While we have a substantial data set for TG-1101 in oncology patients, we have recently launched Phase 2 dose finding study. This is designed to determine the optimal dosing regimen for TG-1101 in MS patients. Patients will be monitored for safety and tolerability at each dosing cohort and we will be evaluating B-cell depletion as well as establish MS efficacy endpoints.

The study will also evaluate accelerated dosing regimens to reduce infusion times similar to the way we have done in our cancer studies. While very early enrollment into this trial is running ahead of schedule and we do anticipate completing enrollment in the pre-specified cohorts, excluding any extension cohorts before year-end.

Over the next six months or so we believe we will have enough data from our MS phase 2 study to commence our Phase 3 registration program in the first half of next year. Towards that end, we have already begun a dialogue with the FDA to understand their expectation and believe that that process should conclude in the same approximate time frame.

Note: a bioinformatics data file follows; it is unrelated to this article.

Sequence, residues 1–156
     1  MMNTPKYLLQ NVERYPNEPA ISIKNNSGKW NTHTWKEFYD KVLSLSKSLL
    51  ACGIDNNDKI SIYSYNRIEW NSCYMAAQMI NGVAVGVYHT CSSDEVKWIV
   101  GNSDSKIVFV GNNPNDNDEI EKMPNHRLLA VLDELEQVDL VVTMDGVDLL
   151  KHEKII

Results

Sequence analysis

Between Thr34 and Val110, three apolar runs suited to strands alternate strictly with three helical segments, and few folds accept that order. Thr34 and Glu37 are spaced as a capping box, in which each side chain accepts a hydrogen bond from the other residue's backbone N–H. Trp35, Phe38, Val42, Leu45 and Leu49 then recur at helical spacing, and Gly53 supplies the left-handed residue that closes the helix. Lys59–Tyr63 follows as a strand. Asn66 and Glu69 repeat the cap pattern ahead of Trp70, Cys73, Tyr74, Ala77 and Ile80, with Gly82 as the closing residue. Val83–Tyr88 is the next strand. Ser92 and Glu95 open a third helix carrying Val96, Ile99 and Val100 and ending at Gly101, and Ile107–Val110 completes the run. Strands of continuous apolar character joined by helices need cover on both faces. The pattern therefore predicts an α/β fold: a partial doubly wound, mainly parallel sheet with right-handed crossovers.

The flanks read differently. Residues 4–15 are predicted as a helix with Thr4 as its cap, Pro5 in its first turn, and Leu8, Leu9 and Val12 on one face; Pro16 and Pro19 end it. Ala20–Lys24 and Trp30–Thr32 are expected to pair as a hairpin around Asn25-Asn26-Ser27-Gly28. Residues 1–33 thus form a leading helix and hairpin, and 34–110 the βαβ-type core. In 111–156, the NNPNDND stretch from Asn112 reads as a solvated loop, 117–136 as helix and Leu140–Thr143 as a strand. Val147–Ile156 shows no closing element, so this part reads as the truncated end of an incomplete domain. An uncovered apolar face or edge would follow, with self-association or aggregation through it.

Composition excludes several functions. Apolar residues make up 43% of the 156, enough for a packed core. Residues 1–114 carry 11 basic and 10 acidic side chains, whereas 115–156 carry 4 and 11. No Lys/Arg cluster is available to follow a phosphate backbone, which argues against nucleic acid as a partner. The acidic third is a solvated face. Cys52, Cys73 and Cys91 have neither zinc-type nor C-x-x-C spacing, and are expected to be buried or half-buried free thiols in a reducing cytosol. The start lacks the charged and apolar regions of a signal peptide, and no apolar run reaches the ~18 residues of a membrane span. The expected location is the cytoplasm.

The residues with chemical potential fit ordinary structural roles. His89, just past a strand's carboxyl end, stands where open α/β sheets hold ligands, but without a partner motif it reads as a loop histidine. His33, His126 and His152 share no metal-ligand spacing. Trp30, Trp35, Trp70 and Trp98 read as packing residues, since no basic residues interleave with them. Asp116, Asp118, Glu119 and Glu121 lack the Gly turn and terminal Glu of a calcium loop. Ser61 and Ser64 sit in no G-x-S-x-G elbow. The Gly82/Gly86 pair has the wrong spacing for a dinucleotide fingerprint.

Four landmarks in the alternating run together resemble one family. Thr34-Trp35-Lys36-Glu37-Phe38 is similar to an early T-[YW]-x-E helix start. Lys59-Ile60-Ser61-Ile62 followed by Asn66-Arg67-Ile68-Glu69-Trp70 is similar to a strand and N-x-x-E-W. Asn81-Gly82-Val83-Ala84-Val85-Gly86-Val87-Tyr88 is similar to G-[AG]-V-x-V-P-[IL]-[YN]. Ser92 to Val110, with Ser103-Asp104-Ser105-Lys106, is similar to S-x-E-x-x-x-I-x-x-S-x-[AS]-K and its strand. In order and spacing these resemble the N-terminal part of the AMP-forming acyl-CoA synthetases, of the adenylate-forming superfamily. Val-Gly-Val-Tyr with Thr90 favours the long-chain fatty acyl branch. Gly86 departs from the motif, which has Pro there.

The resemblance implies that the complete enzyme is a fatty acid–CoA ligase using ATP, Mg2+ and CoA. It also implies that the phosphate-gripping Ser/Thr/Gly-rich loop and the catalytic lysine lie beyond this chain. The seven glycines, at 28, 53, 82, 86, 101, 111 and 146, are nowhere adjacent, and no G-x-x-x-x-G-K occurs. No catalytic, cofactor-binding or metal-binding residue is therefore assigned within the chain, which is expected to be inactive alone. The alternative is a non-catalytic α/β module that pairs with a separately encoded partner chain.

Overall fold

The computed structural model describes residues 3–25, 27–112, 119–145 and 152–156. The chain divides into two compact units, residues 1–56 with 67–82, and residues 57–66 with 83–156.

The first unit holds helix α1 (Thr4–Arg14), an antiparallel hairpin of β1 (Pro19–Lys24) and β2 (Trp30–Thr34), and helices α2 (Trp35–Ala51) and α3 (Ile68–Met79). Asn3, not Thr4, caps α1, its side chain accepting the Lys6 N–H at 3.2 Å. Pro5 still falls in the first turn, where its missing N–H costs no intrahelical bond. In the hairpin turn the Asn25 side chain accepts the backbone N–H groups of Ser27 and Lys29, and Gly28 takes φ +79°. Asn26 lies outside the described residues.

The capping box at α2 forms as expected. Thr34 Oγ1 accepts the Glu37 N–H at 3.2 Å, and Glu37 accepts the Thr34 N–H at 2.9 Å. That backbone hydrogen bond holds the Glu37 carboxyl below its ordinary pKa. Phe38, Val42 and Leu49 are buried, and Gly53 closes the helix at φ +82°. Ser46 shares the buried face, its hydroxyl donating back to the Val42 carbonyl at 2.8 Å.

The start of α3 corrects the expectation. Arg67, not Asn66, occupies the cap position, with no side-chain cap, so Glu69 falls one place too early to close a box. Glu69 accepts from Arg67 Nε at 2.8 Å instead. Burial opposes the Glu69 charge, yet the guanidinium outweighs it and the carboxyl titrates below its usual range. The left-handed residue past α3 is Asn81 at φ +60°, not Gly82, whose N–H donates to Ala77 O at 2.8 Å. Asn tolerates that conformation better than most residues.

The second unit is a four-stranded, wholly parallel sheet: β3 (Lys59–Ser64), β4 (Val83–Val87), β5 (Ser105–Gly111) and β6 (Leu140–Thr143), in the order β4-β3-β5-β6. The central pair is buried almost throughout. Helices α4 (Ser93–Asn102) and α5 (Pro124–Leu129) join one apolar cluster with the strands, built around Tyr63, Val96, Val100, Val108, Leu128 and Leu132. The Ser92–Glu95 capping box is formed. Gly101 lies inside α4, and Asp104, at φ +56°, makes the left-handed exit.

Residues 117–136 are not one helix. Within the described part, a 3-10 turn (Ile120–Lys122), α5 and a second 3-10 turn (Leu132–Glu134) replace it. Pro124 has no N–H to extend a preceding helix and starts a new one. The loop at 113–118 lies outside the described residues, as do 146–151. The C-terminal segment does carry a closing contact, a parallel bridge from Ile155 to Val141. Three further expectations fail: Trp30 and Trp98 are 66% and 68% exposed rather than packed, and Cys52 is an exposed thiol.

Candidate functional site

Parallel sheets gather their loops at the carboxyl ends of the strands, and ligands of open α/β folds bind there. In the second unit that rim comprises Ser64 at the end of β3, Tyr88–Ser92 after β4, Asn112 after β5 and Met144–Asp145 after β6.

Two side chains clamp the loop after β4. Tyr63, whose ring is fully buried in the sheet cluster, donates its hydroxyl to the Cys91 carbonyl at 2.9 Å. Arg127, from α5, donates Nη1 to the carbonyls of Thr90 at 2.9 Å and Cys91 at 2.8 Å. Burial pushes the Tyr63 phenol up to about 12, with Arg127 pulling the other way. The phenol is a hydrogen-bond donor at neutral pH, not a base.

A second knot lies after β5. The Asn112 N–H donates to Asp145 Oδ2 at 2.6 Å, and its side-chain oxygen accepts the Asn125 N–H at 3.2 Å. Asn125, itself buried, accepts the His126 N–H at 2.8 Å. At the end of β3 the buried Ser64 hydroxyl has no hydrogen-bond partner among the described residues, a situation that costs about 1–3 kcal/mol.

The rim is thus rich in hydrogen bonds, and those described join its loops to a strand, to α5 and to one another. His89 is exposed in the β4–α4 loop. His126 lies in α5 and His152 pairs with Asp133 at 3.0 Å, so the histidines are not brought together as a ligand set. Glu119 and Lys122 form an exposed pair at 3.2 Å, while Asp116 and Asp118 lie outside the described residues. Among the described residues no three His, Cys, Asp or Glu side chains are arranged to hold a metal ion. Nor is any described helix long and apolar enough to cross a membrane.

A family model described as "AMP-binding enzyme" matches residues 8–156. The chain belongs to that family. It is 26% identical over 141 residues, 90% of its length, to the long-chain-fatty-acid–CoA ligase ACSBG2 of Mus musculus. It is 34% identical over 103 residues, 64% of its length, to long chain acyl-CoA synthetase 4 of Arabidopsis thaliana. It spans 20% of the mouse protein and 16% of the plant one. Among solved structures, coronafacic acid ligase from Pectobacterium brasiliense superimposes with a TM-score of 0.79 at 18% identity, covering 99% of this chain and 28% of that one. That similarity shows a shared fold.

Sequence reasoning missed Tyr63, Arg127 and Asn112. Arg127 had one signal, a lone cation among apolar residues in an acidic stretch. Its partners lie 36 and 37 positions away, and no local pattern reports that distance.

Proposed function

Finally, we have noted in the past that we have received interest in this program from potential partners and we can say that there is continued interest and discussions are ongoing. However, whether or not we enter into the transaction is subject to many variables, importantly we do believe we can add significant value to the program over the next six to nine months as we demonstrate activity directly in patients with MS and demonstrate an ability to infuse TG-1101 safely in a shorter infusion time than competitor products. And finally as we define the regulatory pathway, which could lead to study designs that are highly manageable for us to execute on a go alone basis.